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The Development of a Tissue Engineered 3D in vitro Model of Pancreatic Cancer for the Evaluation of Novel Anti-cancer Therapeutics
Pancreatic ductal adenocarcinoma (PDAC) represents 85-90% of all pancreatic cancers and is the 11th most common cancer worldwide. Prognosis of PDAC remains strikingly poor, with almost equal rates of incidence and mortality, and a 5-year survival rate of 8-9%. Despite the urgent, unmet clinical requirement for early screening and diagnosis, as well as the need to identify novel and effective therapeutic targets, few 2D in vitro models capture the desmoplastic extracellular matrix and embedded stromal cells that are significant drivers of PDAC. Moreover, they lack the mechanical properties that are key in guiding PDAC progression. The use of 3D in vitro models, alternatively, can be advantageous as they mimic the 3D in vivo characteristics of the tumour microenvironment. However, few 3D models have integrated stromal stiffness, stromal cells, and cancer cells into one preclinical platform. Therefore, the overall aim of this thesis was to develop an in vitro model of PDAC with 3D tissue structure and tuneable matrix properties as a predictive tool for the evaluation of new anticancer therapeutics. Our central hypothesis was that tissue engineering strategies could be utilised to create an in vitro model that combined disease-relevant physical properties with incorporation of major stromal components that mediate tumour disease progression, such as cancer associated fibroblasts (CAFs), to ultimately create a preclinical tool to advance successful translation of novel therapies into the clinic. This thesis initially investigated a gelatin-based hydrogel biomaterial, gelatin methacryloyl (GelMA), for its tuneable mechanical properties to fabricate substrates with stiffnesses that closely mimic in vivo PDAC tissue stiffness. A GelMA hydrogel system with a stiffness range was successfully developed that represented early-to-advanced PDAC. Moreover, we fabricated a system with gradually-increasing substrate stiffness independent of polymer concentration, which has the potential to pave the way towards a better understanding of cell-matrix and cell- cell signalling in advanced PDAC, as it provides a more accurate representation of the native tumour microenvironment. In addition, the selected GelMA formulations displayed the characteristics required for successful 3D cell culture studies following assessment of the degradability and permeability of the hydrogel constructs. Next, the thesis evaluated the suitability of GelMA hydrogels for use as a 3D in vitro model of the stiffening PDAC microenvironment using PANC-1 pancreatic cancer cell line. Results obtained show a direct influence of the increasing hydrogel stiffness on the growth and proliferation of cancer cells. Thereafter, a PANC-1/pancreatic stellate cell co-culture was studied to further ecapitulate in vivo milieu of cancer cells and CAFs. Our hydrogel model not only enhanced cellular proliferation, but also the influenced the secretion of common cytokines such as IL-6, and proteins that are involved in cancer progression, although this was not linked to a specific cell type. Moreover, it exhibited the potential to guide CAF differentiation, which further supports the use of this 3D hydrogel model as a more suitable approach to studying PDAC progression and evaluation of novel anti-cancer therapeutics. Overall, the research presented in this thesis has investigated the ability to formulate different GelMA formulation with varying stiffness for 3D in vitro applications. This thesis has highlighted the suitability of these formulations for co-culture studies incorporating cancer and stromal cells, therefore has the potential to overcome the limitations of the current available PDAC in vitro models.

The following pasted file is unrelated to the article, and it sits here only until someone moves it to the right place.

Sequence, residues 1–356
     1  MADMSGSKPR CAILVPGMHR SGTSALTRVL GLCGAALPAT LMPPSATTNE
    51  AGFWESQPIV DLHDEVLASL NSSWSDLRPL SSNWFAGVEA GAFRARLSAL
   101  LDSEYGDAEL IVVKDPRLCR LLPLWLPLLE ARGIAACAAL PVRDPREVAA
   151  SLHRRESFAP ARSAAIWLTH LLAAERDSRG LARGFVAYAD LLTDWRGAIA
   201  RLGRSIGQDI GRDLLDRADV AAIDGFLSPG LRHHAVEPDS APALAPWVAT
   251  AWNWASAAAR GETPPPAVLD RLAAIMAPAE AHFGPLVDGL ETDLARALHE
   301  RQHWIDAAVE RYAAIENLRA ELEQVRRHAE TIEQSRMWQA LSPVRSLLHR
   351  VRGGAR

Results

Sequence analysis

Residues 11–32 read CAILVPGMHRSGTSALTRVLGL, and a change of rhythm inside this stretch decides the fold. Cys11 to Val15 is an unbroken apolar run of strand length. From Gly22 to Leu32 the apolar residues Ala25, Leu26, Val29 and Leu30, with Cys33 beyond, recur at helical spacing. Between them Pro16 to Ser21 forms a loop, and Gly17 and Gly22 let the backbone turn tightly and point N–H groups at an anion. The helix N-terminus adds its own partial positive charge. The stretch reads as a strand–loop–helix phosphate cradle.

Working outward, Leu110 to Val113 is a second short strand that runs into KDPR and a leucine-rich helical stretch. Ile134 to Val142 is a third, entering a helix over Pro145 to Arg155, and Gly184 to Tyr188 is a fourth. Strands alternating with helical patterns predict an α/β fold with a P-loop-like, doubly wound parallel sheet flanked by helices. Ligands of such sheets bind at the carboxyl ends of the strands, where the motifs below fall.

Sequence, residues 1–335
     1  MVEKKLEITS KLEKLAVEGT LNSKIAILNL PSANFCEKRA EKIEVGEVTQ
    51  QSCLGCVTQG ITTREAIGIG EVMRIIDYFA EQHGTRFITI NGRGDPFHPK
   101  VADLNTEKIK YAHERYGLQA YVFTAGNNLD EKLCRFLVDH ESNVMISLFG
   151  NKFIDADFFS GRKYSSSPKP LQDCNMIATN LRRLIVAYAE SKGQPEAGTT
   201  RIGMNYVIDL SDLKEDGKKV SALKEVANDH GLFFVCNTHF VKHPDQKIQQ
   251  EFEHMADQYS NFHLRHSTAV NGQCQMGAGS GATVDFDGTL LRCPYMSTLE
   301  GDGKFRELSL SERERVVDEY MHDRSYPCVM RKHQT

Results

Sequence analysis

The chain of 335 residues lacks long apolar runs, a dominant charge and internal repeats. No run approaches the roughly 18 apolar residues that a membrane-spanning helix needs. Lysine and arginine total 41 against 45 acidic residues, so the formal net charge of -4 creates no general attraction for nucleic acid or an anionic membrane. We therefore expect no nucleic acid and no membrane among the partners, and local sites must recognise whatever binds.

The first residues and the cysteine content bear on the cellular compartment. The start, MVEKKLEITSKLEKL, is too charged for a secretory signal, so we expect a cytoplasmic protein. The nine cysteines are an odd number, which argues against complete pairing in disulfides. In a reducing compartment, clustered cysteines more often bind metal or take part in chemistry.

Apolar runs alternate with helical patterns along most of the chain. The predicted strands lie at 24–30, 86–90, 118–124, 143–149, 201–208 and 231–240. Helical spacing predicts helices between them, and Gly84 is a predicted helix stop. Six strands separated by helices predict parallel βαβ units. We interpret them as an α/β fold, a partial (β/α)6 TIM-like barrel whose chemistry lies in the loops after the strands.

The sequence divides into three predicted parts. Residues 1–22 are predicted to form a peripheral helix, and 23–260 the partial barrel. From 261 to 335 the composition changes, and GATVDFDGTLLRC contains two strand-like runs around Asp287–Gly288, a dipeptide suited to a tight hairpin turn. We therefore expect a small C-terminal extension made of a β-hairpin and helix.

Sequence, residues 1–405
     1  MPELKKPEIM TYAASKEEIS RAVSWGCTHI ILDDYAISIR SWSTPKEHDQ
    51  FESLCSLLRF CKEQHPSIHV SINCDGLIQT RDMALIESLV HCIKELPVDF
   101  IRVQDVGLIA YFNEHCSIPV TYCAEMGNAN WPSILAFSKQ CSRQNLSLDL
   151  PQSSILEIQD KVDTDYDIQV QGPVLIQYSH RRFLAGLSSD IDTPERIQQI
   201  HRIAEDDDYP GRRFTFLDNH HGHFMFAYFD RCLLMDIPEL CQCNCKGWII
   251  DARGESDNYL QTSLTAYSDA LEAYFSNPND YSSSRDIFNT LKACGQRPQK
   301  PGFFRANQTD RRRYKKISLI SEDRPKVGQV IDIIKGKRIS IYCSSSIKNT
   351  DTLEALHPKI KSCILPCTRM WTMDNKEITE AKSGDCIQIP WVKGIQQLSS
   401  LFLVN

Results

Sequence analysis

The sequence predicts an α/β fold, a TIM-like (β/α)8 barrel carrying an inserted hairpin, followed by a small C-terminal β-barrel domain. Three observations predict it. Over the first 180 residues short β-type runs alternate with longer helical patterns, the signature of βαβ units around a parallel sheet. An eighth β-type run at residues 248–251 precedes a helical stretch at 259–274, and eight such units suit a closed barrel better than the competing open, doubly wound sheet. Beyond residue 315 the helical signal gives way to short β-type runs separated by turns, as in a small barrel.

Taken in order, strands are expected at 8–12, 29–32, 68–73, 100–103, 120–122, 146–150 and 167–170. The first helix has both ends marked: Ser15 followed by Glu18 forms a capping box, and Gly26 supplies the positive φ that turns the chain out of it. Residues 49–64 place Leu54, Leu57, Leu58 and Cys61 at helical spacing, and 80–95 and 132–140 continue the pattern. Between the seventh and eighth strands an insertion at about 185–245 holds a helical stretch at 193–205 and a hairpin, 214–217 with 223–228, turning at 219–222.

Ministry of Higher Education - Kuwait
First SupervisorDr. Cian O'Leary
Second SupervisorProf. Helena Kelly
CommentsSubmitted for the Award of Masters of Science by Research to the Royal College of Surgeons in Ireland, 2021.
Published CitationAlmouemen N. The Development of a Tissue Engineered 3D in vitro Model of Pancreatic Cancer for the Evaluation of Novel Anti-cancer Therapeutics [MSc Thesis] Dublin: Royal College of Surgeons in Ireland; 2021
Degree NameMaster of Science (MSc): Research
Date of award31/05/2021
- Master of Science (MSc): Research
- Biomaterials and Regenerative Medicine